• O(1)O(1)
  • O(n^3)O(n3)
  • O(n)O(n)

Q8. What is the tightest Big-O running time to calculate the Flesch readability score the first time in the EfficientDocument class, where n is the length of the document, assuming you include the time it takes to initialize the numSyllables, numWords, and numSentences variables?

Note that this is not necessarily the running time that you saw when you plotted the graph of your EfficientDocument running time when you did your benchmarking. That time included the time to initialize the numSyllables, numWords and numSentences variables.

  • O(1)O(1)
  • O(n)O(n)
  • O(n^2)O(n2)

Q9. What is the tightest Big-O running time to calculate the Flesch readability score in the EfficientDocument class, where n is the length of the document, assuming you DO NOT include the time it takes to initialize the numSyllables, numWords, and numSentences variables (i.e. do not include the time taken by processText)?

  • O(1)O(1)
  • O(n)O(n)
  • O(n^2)O(n2)

Q10. Which of the following graphs looks most like the graph you (should have) produced in part 2 of the programming assignment? We are looking for you to compare the shapes of the functions only–these graphs are much smoother than what you would have seen. Also, ignore the specific numbers, and concentrate on the shapes and the relationship between the two lines. Note that the correct answer assumes that you have correctly implemented your two Document classes and your DocumentBenchmarking class.

  • correct answer

Data Structures and Performance Week04 Quiz Answers

Quiz :Content and Programming Assignment

Q1. Which of the following structures are trees? Select all that apply.

  • correct answer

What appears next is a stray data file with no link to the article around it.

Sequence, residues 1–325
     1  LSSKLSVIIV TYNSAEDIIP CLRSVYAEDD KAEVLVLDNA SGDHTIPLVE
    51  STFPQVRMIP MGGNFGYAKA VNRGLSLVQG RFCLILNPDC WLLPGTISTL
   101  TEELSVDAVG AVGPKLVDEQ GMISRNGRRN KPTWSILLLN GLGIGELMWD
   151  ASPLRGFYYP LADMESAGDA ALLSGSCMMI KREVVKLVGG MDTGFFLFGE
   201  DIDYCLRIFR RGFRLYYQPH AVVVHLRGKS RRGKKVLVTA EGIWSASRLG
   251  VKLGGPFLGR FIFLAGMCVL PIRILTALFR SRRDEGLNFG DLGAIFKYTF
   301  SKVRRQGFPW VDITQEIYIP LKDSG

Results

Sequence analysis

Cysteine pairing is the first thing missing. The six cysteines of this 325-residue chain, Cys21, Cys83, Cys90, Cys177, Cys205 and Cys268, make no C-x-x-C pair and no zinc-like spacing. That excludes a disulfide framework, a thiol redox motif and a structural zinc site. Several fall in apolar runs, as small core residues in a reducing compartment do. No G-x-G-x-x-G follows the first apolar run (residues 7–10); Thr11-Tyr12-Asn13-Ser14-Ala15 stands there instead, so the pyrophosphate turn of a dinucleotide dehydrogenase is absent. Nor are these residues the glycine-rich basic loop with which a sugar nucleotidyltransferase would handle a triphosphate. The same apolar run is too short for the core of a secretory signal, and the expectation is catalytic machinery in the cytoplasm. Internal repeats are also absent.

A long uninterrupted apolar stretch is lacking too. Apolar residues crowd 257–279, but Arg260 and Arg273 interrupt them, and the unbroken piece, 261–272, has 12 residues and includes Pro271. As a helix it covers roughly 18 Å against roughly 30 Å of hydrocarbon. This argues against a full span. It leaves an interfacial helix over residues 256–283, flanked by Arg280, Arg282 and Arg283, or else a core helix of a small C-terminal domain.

Q2. Which of the following are Binary Search Trees? Select all that apply.

  • correct answer
  • correct answer

Which of the following statements are true about the following binary search tree? Select all that apply.

Q3. Assume that no nodes have been deleted from this tree.

  • There is only one insertion order that could have produced this tree.
  • 32 must have been inserted before 45
  • 42 must have been inserted first.
  • A different insertion order with the same values could give a different tree structure.
  • 32 must have been inserted before 12

Q4. Which of the following statements are true about the running time of binary search trees? Assume that when we use big-O notation we mean the tightest big-O bound.

  • The tightest possible worst case time to find an element in an arbitrary BST is O(n)
  • The tightest possible worst case time to find an element in an arbitrary BST is O(log(n))
  • The tightest possible worst case time to find an element in a balanced BST is O(log(n))
  • Inserting sorted data into an unbalanced BST leads to the worst case BST structure (i.e. a structure where finding an element will take the longest).
  • The tightest possible worst case time to find an element in a balanced BST is O(n)

Q5. From your benchmarking of the DictionaryLL and DictionaryBST structures you implemented, which structure is the better choice?

  • DictionaryLL
  • They are about the same
  • DictionaryBST

Q6. In your benchmarking of the DictionaryBST structure, you probably found that the time to find words did not significantly increase as the Dictionary got larger. Which of the following is the most likely reason for this behavior?

  • log(n) is sufficiently small and grows sufficiently slowly that other factors (e.g. memory use) had a bigger effect on the running time than the size to find the word in the dictionary.
  • We were measuring the best case performance of the dictionary, which does not change as the dictionary size grows.
  • The running time to find an element in a balanced BST is O(1) so we would not expect the running time to get larger as the dictionary got bigger.